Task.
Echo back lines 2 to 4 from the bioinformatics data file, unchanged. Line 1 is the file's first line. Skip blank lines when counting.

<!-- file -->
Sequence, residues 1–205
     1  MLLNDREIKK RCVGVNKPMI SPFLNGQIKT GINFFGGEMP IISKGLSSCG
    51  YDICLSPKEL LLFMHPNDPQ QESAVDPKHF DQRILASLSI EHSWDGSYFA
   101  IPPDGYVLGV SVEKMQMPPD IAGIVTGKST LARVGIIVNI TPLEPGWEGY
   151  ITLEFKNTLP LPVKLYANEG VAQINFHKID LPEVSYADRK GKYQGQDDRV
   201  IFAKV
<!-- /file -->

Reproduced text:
     1  MLLNDREIKK RCVGVNKPMI SPFLNGQIKT GINFFGGEMP IISKGLSSCG
    51  YDICLSPKEL LLFMHPNDPQ QESAVDPKHF DQRILASLSI EHSWDGSYFA
   101  IPPDGYVLGV SVEKMQMPPD IAGIVTGKST LARVGIIVNI TPLEPGWEGY